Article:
Are You A 'Greyromantic'? Here's How To Tell

It's hard to escape the messaging of romance in our day-to-day lives. All we have to do is turn on the TV, walk down a street framed by billboards, or pick up a book. The time to celebrate all that's lovey-dovey isn't reserved for Valentine's Day anymore. It's everywhere, all the time. In a climate such as this, identifying as someone who is out of the usual understanding of being romantic could be challenging. Society can still feel very much binary and black and white, and what you're accustomed to hearing about most would be platonic vs. romantic relationships. Even in marriages and long-term relationships, the need to have romance could be construed as make or break. 

You may have heard of the term "asexual," which refers to people who don't feel sexual attraction for those of any gender. Perhaps you've also heard of the term "aromantic," which although a spectrum (as is asexuality), refers to a person's romantic orientation as opposed to their sexual one. Being aromatic means that you don't experience the conventional butterflies-in-the-stomach sensations associated with romance as others do for anyone. 

If you're thinking, "Well, that sounds familiar but it's not 100% accurate of me," you might want to read on. Everything about romantic orientation exists on a spectrum. What if you do feel romantic attraction but only very little of it and not too often? You might be greyromantic. 

Being greyromantic means you feel little to no romantic attraction to others

Greyromantic is one type of attraction on the spectrum of being aromantic. If you find yourself wondering why your feelings of romance are infrequent, why they appear only under some conditions, or why they aren't as intense as your friend who can't seem to stop gushing over their new-found crush, you might be greyromantic. 

New York-based psychotherapist and coach Tarynn Dier told Women's Health that just because someone identifies as greyromantic, it doesn't mean they don't feel any sexual desire. "It also doesn't impact one's ability to have friendships, feel empathetic, or care for people. They will likely just relate to relationships in different, more alternative ways," she explained.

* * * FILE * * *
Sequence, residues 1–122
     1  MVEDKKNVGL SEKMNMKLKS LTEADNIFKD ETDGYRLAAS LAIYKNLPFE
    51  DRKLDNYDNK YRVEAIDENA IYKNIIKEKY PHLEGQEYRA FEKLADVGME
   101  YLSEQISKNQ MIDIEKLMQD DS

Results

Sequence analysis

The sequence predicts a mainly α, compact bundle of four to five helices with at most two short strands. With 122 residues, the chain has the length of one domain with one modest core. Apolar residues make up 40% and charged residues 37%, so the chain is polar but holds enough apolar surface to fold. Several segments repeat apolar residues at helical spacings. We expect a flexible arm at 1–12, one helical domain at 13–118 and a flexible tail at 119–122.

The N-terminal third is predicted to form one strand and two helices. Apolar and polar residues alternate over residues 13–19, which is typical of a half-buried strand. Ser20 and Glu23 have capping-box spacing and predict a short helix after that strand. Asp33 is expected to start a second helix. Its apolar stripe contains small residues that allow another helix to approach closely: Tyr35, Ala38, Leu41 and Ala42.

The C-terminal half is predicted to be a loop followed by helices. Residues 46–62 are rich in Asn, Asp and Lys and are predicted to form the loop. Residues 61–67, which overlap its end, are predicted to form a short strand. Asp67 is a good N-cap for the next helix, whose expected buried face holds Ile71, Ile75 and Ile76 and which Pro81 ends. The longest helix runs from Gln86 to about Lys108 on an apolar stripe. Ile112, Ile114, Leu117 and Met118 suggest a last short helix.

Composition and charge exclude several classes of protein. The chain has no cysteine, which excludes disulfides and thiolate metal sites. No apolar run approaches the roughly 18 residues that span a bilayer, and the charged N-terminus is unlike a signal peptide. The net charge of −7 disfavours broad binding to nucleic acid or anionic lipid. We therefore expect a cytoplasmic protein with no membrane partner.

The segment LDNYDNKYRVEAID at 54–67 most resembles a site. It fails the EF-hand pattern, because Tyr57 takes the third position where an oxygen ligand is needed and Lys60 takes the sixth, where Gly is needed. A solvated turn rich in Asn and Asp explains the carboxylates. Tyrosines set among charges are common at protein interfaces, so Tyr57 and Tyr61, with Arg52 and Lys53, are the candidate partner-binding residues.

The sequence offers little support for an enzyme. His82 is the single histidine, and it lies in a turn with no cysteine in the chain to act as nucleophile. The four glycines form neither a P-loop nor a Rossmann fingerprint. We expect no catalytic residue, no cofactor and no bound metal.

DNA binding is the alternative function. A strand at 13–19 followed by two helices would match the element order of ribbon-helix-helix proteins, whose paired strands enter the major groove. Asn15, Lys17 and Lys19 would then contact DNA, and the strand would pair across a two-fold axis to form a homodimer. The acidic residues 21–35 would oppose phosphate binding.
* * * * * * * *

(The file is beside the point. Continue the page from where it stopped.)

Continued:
As sex educator and author Lucie Fielding told Cosmopolitan, people often assume that romantic connection and sexual intimacy go hand-in-hand and that if this weren't the case, you should be having doubts about your relationship. But this simply isn't true. "Sometimes, the people we are romantically attracted to are different than the people we are sexually attracted to," said Fielding. 

Your experience surrounding romance could feel alienating

Sex therapist Claudia Johnson told Cosmopolitan that it's important to understand that there's nothing wrong with you if you don't feel overwhelming feelings of romance or have little to no moments in your life when you can recall feeling romantic attraction toward someone, whatever their gender. The entire experience can feel isolating especially in a society that celebrates love through a romance-tinted lens. But Johnson added, "What a frickin' treat it is to know that something doesn't resonate with you and that's not part of what feels good."

As a greyromantic, you might find yourself having sexual thoughts about someone you met or are in a relationship with but you don't sit and think about them in a romantic fashion. At other times, you might feel a sense of romance toward someone but you don't want to pursue a relationship with them. Perhaps there's not much of a difference between your romantic connections and your platonic ones. Movies and books with romantic messaging don't do much if anything for you. 

The important thing to remember is that being greyromantic in no way hampers your ability to have a successful relationship. Love and romance don't always have to go together, despite what society tells us. Psychotherapist and sex therapist Dulcinea Alex Pitagora shared with Women's Health that "identifying as greyromantic is a way [for someone] to communicate to potential partners that they do not fit into normative relationship model trajectory."